I build retro-PCs and use older laptop technologies for my older OS’s (BeOS, ZetaOS, DOS & Win3.11, Win95, and Win98SE) for many reasons (mainly for retro PC gaming). In addition, I no longer maintain a local ethernet network at home anymore as I did back in the '90s and early 2ks. It is WiFi only these days…
For these PCs and laptops (due to the lack of reliable or missing Wifi drivers for the OS, such as DOS 6.22 & Win 3.11 lacking Wifi networking), I cannot use the WiFi natively; hence, I can use the current reliable OS-centric ethernet drivers and the retro-generation ethernet cards such as NE2000 or 3Com Ethernet III ISA/PCI cards that would be native for the OS.
So how do I use the ethernet to connect to WiFi?
I use a handy device (my favorite at this time):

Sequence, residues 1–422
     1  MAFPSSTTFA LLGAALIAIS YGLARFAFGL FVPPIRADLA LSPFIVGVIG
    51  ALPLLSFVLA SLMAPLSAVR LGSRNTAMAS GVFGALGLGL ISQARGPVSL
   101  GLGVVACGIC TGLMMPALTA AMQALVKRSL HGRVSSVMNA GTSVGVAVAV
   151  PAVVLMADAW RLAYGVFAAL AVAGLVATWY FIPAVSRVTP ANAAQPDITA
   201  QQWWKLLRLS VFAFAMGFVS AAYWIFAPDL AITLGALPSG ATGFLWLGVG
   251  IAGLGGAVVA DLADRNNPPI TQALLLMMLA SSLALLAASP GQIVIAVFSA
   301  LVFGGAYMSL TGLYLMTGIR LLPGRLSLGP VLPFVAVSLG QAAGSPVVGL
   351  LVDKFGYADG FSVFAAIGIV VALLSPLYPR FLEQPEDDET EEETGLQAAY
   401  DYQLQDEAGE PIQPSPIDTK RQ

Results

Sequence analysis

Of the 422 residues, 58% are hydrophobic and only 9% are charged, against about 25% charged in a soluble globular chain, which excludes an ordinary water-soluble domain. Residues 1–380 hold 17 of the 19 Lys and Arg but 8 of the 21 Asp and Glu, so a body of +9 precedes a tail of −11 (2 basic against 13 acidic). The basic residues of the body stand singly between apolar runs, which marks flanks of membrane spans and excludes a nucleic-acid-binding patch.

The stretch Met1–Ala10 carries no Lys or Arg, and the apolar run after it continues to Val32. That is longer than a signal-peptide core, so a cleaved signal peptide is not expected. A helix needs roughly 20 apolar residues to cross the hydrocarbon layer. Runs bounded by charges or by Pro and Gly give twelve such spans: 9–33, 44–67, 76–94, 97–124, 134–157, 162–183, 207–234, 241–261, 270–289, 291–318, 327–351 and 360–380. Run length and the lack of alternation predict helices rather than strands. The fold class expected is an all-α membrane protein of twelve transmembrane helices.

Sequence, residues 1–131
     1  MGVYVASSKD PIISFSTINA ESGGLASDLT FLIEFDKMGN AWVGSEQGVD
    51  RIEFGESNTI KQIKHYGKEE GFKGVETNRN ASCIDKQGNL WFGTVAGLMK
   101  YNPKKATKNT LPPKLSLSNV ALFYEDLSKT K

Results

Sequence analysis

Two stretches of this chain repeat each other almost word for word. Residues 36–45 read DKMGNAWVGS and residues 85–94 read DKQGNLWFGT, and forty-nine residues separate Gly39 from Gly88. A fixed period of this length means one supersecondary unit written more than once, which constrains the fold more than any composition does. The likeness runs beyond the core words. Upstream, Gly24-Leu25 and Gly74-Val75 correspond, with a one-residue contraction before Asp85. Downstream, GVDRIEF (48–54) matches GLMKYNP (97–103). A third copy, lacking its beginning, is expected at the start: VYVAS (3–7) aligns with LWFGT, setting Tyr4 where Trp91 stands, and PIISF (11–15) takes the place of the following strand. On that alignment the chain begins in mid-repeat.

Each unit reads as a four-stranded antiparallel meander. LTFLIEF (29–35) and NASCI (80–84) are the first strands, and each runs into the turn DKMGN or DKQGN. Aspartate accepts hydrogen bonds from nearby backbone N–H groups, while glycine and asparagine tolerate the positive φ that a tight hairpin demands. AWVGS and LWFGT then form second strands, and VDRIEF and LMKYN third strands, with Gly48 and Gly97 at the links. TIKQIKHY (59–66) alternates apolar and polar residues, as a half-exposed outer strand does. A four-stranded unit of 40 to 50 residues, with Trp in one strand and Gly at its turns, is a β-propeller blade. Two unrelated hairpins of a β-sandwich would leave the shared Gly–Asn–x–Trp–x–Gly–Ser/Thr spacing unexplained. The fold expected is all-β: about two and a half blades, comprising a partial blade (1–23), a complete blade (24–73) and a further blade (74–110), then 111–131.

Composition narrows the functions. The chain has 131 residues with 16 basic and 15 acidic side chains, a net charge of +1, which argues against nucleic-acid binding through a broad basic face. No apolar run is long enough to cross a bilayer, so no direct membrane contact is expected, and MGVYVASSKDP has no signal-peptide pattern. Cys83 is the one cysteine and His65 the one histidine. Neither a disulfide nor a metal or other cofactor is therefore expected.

IOGEAR Ethernet-2-WiFi Universal Wireless Adapter (GWU637)
Style: 300 mbps
Wireless connect Ethernet-enabled device to most Wi-Fi networks ((not compatible with Enterprise Authentication) Turn legacy electronics into high-speed Wi-Fi enabled devices. Operating Range - Indoor up to 100m, Outdoor up to 180m Supports transfer speeds of up to 300Mbps on 2. 4GHz networks Compatible with 802. 11b/g/n network standards
You should see BeOS v5 or Zeta 1.21 BeShare application downloading files or using FireFox 2 or 3.0a1 downloading files from a Web site such as ‘download.unirc.eu/BeOS’ for some older BeOS software to play with. (I really do enjoy the quickness since the telemetry tracking / privacy invasion BS does not exist in these generations of Internet software.) Wish I could locate a Web site for Zeta OS software…but I will find more info about that later.
This work around is an excellent option for the more modern laptops and PCs where Haiku recognizes the ethernet card and not the WiFi card. You can quickly set-up ethernet to use. If you need to try it–it works great!!